The OEM mast step on the 10M is made of steel. It sits in the bottom of the bilge and is in direct contact with the aluminum mast. Add a little salt water to the bilge and you have a perfect environment for galvanic corrosion where the less noble metal (the aluminum mast) will start giving up material. There are several ways to address this corrosion problem. This article will discuss three of them. This problem is seen in other Pearsons (see crossover sidebar). The 323 and 365 have the same step. See the web site for more photos and details on the repair methods.
Metalmast Marine provides a solution by custom fabrication of a new anodized aluminum riser/step. You cut the corroded portion off the bottom of your mast and send it to them with the steel mast step. They fabricate a riser to match the height of your cut off portion. At the top there is a plate for the mast to sit on with a flange that fits snuggly inside. The base is a plate that matches the foot print of the OEM step for a bolt in replacement. Because the new riser/step is aluminum like the mast there is no galvanic corrosion between them. The base of the riser/step still sits in the bilge and is still secured to the stainless (or bronze) keel bolts so there is a corrosion potential there. But it's the riser/step that will corrode, not the mast or the keel bolts. The riser step is a lot cheaper and easier to replace than the mast. The cost is in the 300-$400 range. Lifetime may be 10 years.
More... Click here for more photos of the Metalmast rider step as made for a Pearson 365.
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Another solution (used on #212) is a new fiberglass mast step supported up out of the bilge on fiberglass floors (transverse beams). The new step sits about six inches higher than the OEM. To maintain the proper rig geometry six inches is cut off the mast, including the corroded portion. A portion of the cabin sole had to be cut out to provide access to the bilge for the floor fabrication. The cut out portion was fastened back in place. The glass for the floors was laid-up with epoxy over foam forms cut to fit in the bilge at the right height for the step to sit on. One OEM floor was replaced to provide more area for epoxy bonding of the new floors. By building the floors in place the entire structure is made with primary bonds (see bonding sidebar). The mast step is made of two 7 x 14 x 1/2" thick fiberglass plates laminated from layers of biaxial glass with mat. The lay-up was done in a jig/press made from 3/4" plywood. Care must be taken to keep this thick lay-up from overheating while it cures (read and understand the epoxy literature). The top plate is slotted to slide for and aft on the bottom. 1/2" bolts hold it down. They go through the bottom plate into threaded holes in a stainless steel angle bracket that is bolted to the new floors. The slots and holes were made on a milling machine.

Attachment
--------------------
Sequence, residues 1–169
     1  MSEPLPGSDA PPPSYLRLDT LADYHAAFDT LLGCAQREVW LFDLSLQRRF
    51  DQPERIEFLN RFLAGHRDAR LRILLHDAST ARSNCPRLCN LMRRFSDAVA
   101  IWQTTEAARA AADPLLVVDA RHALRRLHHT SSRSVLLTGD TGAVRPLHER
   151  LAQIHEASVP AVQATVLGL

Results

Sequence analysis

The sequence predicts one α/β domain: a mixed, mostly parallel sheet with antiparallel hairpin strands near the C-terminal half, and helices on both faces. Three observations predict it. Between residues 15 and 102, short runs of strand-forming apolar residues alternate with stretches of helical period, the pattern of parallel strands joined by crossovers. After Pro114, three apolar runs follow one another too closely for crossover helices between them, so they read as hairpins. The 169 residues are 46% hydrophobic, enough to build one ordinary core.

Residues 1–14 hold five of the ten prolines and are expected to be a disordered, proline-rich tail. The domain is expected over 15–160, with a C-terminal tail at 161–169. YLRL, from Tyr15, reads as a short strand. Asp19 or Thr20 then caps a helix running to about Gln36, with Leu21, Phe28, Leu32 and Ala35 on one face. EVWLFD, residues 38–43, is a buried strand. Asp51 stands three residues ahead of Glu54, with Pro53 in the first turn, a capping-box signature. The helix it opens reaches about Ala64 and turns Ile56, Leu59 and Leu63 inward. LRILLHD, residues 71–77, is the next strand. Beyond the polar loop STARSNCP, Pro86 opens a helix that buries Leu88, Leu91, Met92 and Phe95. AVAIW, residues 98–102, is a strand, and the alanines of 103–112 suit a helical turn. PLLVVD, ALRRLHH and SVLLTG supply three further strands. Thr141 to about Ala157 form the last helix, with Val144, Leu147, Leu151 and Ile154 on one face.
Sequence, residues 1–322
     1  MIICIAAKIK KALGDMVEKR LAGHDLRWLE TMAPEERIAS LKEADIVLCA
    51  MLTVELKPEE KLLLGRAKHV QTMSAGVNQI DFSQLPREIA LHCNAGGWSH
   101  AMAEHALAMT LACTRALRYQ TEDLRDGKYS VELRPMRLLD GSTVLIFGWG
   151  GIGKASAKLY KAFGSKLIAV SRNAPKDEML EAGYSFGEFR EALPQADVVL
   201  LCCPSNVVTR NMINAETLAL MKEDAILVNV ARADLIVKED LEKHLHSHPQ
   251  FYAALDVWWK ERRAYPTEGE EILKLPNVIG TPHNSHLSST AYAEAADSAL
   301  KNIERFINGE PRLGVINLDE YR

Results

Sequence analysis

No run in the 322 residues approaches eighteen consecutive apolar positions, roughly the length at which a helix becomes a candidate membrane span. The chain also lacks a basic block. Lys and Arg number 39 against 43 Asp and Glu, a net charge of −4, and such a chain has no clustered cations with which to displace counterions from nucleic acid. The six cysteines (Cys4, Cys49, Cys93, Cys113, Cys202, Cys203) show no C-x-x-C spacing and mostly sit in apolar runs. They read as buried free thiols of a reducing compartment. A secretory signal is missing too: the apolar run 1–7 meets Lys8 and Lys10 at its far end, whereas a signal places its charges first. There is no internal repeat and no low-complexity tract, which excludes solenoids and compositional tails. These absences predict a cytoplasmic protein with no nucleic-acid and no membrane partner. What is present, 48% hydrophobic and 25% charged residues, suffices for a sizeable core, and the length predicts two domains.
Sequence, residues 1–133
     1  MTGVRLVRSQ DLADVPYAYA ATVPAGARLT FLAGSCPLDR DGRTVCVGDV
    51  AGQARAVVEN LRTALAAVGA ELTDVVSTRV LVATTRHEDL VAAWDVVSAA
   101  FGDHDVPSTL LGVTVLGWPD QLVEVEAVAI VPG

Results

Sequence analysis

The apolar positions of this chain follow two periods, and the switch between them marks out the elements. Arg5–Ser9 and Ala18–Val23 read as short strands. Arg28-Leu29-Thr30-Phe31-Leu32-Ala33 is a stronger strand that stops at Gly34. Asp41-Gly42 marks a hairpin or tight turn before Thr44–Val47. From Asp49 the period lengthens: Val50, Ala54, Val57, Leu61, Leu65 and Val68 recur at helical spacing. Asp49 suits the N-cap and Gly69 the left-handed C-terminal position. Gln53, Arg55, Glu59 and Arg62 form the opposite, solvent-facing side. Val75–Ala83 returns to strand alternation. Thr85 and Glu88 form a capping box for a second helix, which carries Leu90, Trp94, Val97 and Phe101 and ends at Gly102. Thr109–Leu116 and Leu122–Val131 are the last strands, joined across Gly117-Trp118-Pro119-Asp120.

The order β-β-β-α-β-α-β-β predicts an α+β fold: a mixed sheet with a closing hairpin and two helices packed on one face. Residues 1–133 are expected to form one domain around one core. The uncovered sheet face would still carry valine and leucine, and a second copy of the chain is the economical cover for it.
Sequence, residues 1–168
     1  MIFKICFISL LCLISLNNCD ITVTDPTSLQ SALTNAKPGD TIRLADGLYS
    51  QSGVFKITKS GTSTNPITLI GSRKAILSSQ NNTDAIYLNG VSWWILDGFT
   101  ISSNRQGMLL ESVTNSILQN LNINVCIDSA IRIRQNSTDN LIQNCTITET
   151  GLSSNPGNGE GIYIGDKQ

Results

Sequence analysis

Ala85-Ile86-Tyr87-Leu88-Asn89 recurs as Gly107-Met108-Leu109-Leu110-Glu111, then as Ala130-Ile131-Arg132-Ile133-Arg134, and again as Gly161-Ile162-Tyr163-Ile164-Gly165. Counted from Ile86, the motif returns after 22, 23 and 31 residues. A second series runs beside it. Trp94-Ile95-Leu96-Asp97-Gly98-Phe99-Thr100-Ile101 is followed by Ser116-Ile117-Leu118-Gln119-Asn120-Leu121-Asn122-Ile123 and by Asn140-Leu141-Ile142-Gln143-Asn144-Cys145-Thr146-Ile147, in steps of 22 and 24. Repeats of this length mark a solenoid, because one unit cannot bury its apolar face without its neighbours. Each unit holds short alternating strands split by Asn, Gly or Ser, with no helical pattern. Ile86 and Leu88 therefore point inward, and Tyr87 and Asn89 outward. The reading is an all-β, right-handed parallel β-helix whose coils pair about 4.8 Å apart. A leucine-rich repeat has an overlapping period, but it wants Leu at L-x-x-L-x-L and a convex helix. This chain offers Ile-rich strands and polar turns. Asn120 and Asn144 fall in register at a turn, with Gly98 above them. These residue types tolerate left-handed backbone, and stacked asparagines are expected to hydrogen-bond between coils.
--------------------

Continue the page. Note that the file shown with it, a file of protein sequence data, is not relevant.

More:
This solution has advantages over the Metalmast step replacement. There is no metal-to-metal contact to cause galvanic corrosion, the base of the mast is raised out of the wet bilge, and the new floors add stiffness to the bilge/keel area of the boat. It is more expensive then the Metalmast solution, takes more time and requires cutting a section from the cabin sole but is a lasting solution to the corrosion problem. A similar step refit was made to Jade (#187)
More... Click here for more detailed description of this mast step re-fit with more photos.
The owner of Jade (#187) also owns Hornpipe (#38) and has refined the process of that used in #212 to reduce labor time and costs with little or no loss of functionality. Fiberglass floors are fabricated off the boat. The floors are an inverted L-shape (with flange at the top as in the J/35) eliminating the stainless steel angle brackets used in #212. The fiberglass mast step plate bolts directly to the flange. The floors are tabbed into the bilge with biaxial tape and biax/mat in the same manner as in #212.
For installation the old steel step is unbolted from the keel bolts and discarded. The keel bolt nuts and washers are re-fastened. The cabin sole is leveled in both fore/aft and port/starboard directions by adjusting jack stands. A simple jig holds the two new floors properly positioned by a stop that contacts the front end of cutout in the cabin sole to set the fore/aft position. The new floors will need some trimming to fit the bilge profile, while still mounted to the jig plate. The jig plate must also end up level in both directions while fitting closely in bilge. The floors are fastened into the bilge with thickened epoxy. Once the epoxy has cured the jig plate is removed and the floors are tabbed in place with biaxial fiberglass tape and epoxy resin. The step plate with mast plug or socket is mounted to the floors and the step is ready for the mast. Before re-stepping a section of the mast corresponding to the change in height of the new step (over the old one) may be cut off or, rig could be raised 4-5 inches using toggles etc.
This method uses two additional floors and thus improves keel to hull rigidity over the factory design (see note) almost as much as the floors in #212 but has the advantage of not having to remove a portion of the cabin sole to install. The mast plate attachment is simpler, and eliminates the two angle brackets used in #212. Graham will be able to supply a complete kit for this much improved mast step. Kit contains four main fiberglass components: Two solid fiberglass floors, a fiberglass step plate, and a plug that fits snugly inside the mast, which is bolted to the step plate.
Note: There is nothing inherently wrong with the keel to hull rigidity in the 10M as it came from the factory. Adding new floors to support the mast has the added effect of increasing keel to hull rigidity but that is not the purpose of the design nor is it a necessary modification.